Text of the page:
Nightmares Can Be Truly Traumatic — A Therapist Shares How To Cope With Them

When you wake up, don't know where you are, and feel your heart racing, try this.

man scared of a nightmare in bed pixelshot via Canva 

Nightmares are something we all experience at some point, yet many of us don't know much about them.

Sometimes we escape the feelings they inflict the second we wake up, and sometimes these bad dreams impact us mentally and physically for much longer.

Different Types Of Nightmares

According to clinical psychologist Jon Finch, there are three different types of nightmares:

1. Regular nightmares: horrible dreams that most people remember when they wake up. Even though they are unpleasant, you can typically move on with your day without thinking too much about one after you wake.


2. Night terrors: nightmares that involve intense fear, screaming, and thrashing around. People typically do not remember these.

3. PTSD-related nightmares: nightmares that mimic the trauma that lies at the root of their cause. The content of these nightmares may be about the actual trauma, or it may just inflict the same feelings of the trauma. Like regular nightmares, we usually remember these — at least pieces.

Therapist and EDMR consultant, Dr. Pria Alpern, shared some insight into how we can deal with these traumatic nightmares in a recent Instagram post.

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Why Traumatic Nightmares Are Disorienting And How To Cope With Them

According to Alpern, there are two reasons traumatic nightmares are so disorientating.

First, survivors of traumatic experiences may have nightmares based on the trauma they've experienced.

A survivor of domestic violence, for instance, may find that their dreams take them back to that distressing situation. Often, these scenarios feel real for survivors so it may be hard to ground themselves back into reality.

"The second reason why you may experience traumatic nightmares is because they feel too realistic and chaotic," says Alpern.

These nightmares are chaotic because they lack order and cohesion, which causes us to be both scared and confused.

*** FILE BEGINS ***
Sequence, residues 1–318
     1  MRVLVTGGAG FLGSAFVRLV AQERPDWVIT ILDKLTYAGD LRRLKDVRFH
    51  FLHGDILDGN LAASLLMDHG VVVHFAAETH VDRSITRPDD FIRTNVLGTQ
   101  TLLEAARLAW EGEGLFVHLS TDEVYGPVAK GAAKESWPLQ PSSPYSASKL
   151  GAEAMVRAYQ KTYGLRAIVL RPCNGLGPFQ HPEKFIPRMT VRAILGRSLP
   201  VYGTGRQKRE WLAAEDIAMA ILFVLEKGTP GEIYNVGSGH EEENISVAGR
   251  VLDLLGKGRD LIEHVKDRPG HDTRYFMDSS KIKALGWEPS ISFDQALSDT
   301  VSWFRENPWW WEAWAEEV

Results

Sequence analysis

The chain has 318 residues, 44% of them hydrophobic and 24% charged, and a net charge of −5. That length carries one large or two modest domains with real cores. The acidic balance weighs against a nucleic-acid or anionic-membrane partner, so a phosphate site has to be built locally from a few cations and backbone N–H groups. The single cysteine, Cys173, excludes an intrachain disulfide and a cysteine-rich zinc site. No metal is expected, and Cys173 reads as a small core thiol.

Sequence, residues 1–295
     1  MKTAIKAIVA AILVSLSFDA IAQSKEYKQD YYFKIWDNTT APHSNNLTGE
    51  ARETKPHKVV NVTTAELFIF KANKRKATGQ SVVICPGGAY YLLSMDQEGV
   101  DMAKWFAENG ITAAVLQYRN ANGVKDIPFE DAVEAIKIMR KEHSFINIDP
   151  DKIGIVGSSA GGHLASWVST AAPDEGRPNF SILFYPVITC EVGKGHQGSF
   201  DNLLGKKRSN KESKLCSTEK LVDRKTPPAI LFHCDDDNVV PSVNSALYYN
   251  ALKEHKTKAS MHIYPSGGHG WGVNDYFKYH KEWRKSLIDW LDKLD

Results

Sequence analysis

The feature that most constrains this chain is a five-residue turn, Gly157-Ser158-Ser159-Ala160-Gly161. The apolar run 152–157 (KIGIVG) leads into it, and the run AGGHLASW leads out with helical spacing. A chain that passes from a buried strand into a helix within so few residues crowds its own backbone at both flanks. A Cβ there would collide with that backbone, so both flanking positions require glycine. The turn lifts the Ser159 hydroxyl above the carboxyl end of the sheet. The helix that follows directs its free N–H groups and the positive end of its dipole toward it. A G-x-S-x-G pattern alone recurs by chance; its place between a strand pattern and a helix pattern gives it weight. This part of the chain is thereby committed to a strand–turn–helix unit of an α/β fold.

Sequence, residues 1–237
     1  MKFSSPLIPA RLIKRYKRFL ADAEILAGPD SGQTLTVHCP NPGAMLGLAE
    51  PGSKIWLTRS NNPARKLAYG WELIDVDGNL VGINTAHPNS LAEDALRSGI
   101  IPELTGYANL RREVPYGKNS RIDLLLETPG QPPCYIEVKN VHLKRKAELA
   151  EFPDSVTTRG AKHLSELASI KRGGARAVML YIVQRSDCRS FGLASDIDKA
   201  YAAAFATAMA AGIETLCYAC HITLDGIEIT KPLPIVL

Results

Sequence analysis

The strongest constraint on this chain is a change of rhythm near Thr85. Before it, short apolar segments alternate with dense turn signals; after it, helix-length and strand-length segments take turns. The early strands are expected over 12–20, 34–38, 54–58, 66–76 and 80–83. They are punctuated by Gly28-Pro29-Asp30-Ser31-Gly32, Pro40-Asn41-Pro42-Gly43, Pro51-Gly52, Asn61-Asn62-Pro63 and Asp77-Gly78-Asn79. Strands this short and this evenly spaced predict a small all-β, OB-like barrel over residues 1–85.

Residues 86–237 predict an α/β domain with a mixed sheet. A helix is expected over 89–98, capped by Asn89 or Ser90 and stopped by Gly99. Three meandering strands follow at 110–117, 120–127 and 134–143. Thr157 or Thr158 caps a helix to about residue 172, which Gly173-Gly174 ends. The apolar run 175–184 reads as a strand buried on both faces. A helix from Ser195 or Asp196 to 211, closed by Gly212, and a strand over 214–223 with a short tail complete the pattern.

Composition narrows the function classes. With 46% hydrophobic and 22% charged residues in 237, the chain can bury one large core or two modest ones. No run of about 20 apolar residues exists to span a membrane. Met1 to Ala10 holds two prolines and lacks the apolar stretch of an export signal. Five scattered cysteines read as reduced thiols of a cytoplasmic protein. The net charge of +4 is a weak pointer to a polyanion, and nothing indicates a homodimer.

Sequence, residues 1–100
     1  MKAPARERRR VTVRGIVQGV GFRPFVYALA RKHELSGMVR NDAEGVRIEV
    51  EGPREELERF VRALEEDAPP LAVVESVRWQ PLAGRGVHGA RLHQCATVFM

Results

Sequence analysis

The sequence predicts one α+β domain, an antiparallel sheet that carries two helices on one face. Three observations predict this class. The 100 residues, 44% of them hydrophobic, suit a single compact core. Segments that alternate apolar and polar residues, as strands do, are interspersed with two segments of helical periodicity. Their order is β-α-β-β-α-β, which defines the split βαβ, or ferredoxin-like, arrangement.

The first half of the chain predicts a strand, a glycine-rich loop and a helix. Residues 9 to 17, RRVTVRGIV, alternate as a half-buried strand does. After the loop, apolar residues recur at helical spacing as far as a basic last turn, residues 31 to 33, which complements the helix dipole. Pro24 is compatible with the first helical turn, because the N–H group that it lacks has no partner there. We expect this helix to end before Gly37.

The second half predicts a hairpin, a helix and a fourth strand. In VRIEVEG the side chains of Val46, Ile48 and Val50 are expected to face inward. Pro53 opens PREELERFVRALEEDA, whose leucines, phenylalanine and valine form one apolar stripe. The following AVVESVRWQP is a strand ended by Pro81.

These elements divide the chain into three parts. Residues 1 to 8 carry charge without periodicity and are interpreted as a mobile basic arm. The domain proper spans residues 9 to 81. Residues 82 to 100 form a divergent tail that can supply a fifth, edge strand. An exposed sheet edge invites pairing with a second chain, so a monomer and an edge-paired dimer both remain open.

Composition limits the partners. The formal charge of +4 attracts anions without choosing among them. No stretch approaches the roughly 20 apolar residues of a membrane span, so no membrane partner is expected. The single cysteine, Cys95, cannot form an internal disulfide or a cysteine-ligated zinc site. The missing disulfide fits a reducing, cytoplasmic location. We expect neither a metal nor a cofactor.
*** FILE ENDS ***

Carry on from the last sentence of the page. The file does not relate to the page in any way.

Regardless of the reasoning, how do we cope with these traumatic nightmares and refocus back to reality?

Alpern suggests engaging in this orienting exercise as soon as you wake up from a traumatic nightmare:

  • When you wake, look around your environment and question what you see. Where are you and what looks familiar to you?
  • As you take in your environment, ask yourself what can you hear and smell in your environment. Does it seem familiar or unfamiliar to you?
  • Now that you've grounded yourself back in reality, try moving different parts of your body. Move your fingers, toes, and legs. Is everything functioning normally?

This line of questioning and exploration will eventually help you break out of freeze mode.



RELATED: How To Control Your Dreams & Stop Nightmares In 7 Steps


Why does trauma show up in our dreams?

The exact reasons trauma affects our dreams are unknown, but researchers now think our dreams may "help to integrate our experiences into long-term memory, a process called memory consolidation. When our experiences are traumatic, dreams may reflect the body’s attempt to cope and learn from these situations."



Through memory consolidation, our dreams help us learn from our trauma and confront it head-on.

Nightmares may occur from stress, anxiety, irregular sleep, medications, mental health disorders, and PTSD.


A study conducted by the University of Pittsburgh School of Medicine found that 80 percent of people with PTSD have frequent nightmares.

RELATED: Experts Share 4 Subtle Signs You're Still Living With Trauma

Marielisa Reyes is a writer with a bachelor's degree in psychology who covers self-help, relationships, career, and family topics.